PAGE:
Thiamin (aka vitamin B1)

Thiamin (aka vitamin B1)

vitamin capsule b1, 3d rendering

Thiamin is an essential nutrient that requires special attention as the body only stores 30-50 grams, about enough for 9-18 days, or a bit longer. This means stores of thiamin can easily be depleted.

Factors that can contribute to depleted stores include:

  • not eating enough thiamin containing foods and/or having a thiamin containing supplement
  • decreased absorption, and this can occur with a gastric bypass
  • increased inactivation, and alcohol can do this
  • higher metabolic needs, and having an operation can increase thiamin needs
  • losing extra amounts, and this can happen due to vomiting, in the presence of diabetes, and with use of diuretics.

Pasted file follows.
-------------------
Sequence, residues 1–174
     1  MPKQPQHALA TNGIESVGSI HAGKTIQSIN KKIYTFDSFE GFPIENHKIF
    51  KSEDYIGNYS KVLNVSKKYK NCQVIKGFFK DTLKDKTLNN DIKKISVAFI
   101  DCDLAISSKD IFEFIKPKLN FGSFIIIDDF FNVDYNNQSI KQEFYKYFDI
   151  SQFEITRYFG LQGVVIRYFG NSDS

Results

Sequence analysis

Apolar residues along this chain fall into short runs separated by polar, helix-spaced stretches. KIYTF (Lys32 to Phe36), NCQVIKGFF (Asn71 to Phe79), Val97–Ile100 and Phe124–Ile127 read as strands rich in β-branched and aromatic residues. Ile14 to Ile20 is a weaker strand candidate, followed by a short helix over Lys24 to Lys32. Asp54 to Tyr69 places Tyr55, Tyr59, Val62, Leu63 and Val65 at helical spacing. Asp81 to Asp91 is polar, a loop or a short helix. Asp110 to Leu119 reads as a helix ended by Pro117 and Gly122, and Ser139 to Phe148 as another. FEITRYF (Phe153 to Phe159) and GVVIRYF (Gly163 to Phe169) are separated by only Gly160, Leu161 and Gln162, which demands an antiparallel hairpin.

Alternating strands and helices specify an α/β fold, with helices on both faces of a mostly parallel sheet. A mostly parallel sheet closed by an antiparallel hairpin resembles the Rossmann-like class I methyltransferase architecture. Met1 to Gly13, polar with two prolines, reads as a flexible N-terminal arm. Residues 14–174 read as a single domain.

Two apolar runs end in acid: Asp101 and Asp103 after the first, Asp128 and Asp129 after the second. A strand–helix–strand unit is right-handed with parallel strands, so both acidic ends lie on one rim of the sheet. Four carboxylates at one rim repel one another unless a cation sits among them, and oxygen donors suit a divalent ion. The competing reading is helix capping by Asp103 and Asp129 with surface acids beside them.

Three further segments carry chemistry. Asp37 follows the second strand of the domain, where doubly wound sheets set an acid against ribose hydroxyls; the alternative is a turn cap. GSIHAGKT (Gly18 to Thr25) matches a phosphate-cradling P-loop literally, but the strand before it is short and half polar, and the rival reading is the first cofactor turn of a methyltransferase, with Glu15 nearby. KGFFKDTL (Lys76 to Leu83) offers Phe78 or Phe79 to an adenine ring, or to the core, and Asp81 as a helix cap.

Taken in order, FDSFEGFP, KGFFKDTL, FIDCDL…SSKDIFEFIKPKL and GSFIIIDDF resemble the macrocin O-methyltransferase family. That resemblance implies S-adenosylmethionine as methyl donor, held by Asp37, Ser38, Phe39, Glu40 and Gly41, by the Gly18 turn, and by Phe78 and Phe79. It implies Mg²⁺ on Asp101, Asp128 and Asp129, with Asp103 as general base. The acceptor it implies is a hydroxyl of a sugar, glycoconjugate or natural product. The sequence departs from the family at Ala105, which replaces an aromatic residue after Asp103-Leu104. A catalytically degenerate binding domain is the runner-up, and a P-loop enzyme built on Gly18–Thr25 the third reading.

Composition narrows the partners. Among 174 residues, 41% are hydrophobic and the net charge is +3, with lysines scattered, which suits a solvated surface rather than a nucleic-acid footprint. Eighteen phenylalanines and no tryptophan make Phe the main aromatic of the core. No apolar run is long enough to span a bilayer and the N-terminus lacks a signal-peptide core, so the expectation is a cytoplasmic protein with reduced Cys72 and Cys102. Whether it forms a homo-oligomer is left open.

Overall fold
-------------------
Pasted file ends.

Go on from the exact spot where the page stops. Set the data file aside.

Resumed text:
Food sources of thiamin include:

  • Pork
  • Tuna
  • Vegemite
  • Wholegrain cereals
  • Nuts
  • White bread (the government mandates fortification of flour).

Many multivitamins also contain thiamin. Such as:

  • Bariatric multivitamins
  • General multivitamins
  • Thiamin supplements like Betavit (100 mg per capsule).

The complications from becoming deficient in thiamin can be catastrophic, even fatal, if not identified and treated appropriately. A thiamin deficiency can develop into a condition known as Wernicke’s Encephalopathy.

Early signs of depleted thiamin stores include:

  • Poor balance
  • Confusion and feeling a bit foggy
  • Eye issues like double vision.

Read an ABC news article (from 2023) that is a sombre reminder about the importance of understanding the nutrition consequences of bariatric surgery, and seeking advice for those with expert knowledge.

A lived experience that is a sombre reminder about the importance of essential nutrients (CLICK TO READ)

vitamin capsule b1, 3d rendering